The Vanishing Black Male and a Call to Recording Artists

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Called the #1 Black documentary of 2005 by syndicated movie critic Kam Williams, The Vanishing Black Male is a thought-provoking documentary that encourages African American men and women to discuss problems and solutions.

This is a problem we must tackle. We can ask for help but its up to us to create breathing space so young African American men can continue to thrive. This should become the norm not the exception.

The Vanishing Black Male, a documentary feature, premiered in New York and New Jersey the end of 2005. Since then, this movie that explores why African American women outnumber their men in such large numbers, has been creating a lot of discussion. Syndicated movie critic Kam Williams has cited the movie as being the best Black documentary of 2005 and its director, Hisani DuBose, the best director.

Mr. Williams says: "Designed with every demographic in mind, The Vanishing Black Male is a remarkable movie not to be missed by young or old, by male or female, by black or white or anyone with an interest in a frank discussion of the future of African American men. Refreshingly honest in tone, don't expect any candy-coated aphorisms or simplistic solutions here. This critic's pick for the Best Documentary of 2005."

Due to the high crime, incarceration and poor education rates of young Black males the documentary's production company, Seven Generations Productions, is calling on recording artists to get the DVD and set up public discussions in their communities. Hisani DuBose, the movie's Director/Producer believes, "This is a problem we must tackle. We can ask for help but its up to us to create breathing space so young African American men can continue to thrive. This should become the norm not the exception."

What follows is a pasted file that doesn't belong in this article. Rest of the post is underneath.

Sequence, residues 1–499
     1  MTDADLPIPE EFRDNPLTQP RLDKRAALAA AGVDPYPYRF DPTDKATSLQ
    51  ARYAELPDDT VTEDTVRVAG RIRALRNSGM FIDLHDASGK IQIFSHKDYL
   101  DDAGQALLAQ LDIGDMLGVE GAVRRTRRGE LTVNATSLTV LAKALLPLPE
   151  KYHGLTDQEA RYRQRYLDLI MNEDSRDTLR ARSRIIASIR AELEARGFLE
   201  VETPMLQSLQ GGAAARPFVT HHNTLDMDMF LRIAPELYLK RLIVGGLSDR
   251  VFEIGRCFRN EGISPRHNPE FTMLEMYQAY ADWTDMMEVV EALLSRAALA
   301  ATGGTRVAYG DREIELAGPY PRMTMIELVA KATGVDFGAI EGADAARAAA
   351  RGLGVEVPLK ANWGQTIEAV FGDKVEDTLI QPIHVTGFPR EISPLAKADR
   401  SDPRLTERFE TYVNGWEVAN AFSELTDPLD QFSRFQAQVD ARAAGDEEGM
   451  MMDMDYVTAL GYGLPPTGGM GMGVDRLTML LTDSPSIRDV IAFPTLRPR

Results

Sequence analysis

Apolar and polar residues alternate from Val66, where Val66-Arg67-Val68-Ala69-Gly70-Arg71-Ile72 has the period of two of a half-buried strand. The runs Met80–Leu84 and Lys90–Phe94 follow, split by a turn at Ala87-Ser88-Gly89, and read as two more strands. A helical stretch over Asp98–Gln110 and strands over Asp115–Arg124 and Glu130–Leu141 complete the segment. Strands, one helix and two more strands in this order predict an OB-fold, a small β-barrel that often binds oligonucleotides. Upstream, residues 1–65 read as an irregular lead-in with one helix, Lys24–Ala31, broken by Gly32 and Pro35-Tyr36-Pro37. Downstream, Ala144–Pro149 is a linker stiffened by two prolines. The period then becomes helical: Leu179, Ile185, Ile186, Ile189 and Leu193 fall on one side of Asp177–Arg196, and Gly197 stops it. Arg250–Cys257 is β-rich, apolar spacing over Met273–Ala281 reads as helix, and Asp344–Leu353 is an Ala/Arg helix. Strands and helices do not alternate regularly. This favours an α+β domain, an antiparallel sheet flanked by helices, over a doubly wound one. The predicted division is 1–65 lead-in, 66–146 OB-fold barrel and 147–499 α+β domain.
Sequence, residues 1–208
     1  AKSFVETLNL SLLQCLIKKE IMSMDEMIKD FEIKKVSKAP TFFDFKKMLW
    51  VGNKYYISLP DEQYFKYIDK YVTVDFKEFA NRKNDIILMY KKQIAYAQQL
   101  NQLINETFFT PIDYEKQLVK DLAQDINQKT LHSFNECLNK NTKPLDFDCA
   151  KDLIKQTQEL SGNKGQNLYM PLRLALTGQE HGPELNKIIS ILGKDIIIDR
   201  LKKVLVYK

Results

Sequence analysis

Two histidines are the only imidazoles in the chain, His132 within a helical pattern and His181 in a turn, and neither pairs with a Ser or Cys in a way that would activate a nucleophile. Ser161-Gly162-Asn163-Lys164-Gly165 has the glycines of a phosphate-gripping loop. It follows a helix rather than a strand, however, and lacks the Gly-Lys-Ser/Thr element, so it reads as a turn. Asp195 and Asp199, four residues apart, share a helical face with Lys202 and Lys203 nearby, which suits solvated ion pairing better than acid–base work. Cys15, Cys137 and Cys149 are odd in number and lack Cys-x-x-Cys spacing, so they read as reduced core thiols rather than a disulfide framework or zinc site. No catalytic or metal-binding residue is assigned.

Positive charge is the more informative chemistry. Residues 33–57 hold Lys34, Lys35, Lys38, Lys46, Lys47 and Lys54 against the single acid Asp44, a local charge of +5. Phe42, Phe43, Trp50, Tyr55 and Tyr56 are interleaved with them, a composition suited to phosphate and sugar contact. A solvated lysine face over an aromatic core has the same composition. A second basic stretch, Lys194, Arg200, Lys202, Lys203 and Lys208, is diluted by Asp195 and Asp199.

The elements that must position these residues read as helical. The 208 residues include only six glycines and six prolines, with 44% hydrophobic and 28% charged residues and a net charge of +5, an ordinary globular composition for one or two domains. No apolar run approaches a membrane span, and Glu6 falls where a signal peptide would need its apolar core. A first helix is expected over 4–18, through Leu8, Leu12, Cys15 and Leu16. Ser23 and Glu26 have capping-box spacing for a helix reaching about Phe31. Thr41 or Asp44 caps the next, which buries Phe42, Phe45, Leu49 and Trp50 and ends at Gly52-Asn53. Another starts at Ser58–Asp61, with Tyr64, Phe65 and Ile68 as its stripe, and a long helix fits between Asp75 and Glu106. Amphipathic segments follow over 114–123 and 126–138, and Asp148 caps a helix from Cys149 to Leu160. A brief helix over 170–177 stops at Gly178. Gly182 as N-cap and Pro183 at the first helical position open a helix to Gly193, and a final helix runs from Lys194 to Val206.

The movie was shot in Newark, New Jersey and surrounding communities with no budget. Everyone involved felt so strongly about the subject matter that they agreed to be paid on the back end. This included the movie's interviewer, actor Melvin Jackson, Jr. who frequently appeared in HBO's The Wire, Everybody Hates Chris and is currently in the movie Annapolis. Original music is composed by Roger G. Stubblefiel d.

In an effort to raise post-production funds, Ms. DuBose circulated brochures soliciting $40.00 donations in return for listings in the credits and premiere tickets. This effort, along with an investment by Theresa Horton (Executive Producer) made it possible to complete the project.

Ms. DuBose explains, "I was in the process of raising funds to shoot a narrative movie when I read an article in a Black women's magazine that said young Black women may not be able to find husbands or life companions because there are so few Black men. This was disturbing so I decided to grab a crew and find out for myself if things had become that bad. The way people are reacting to this movie is incredible. It seems to be a topic everyone wants to hear and talk about. This journey is proving to be worth the struggle."

The movie has appeared in the following festivals:

The Cape May New Jersey State Film Festival (11/05)

MEMFEST (Bloomfield College, NJ 10/05)

Black Documentary Collective at Film Archives (NYC- 11/05)

The Women of Color Film Festival (NYC 2/17-19 '06)

Arizona Black Film Showcase (Phoenix 3/16-19 '06)

Garden State Film Festival (NJ 3/31-4/2 '06)

The Black Film and Media Conference (Philadelphia, PA 5/4-7 '06)

The Urban Literature Film Festival (Greensboro, NC 9/15-17 '06)

The movie can be purchased on-line or by mail at: through distributor Indiepix.

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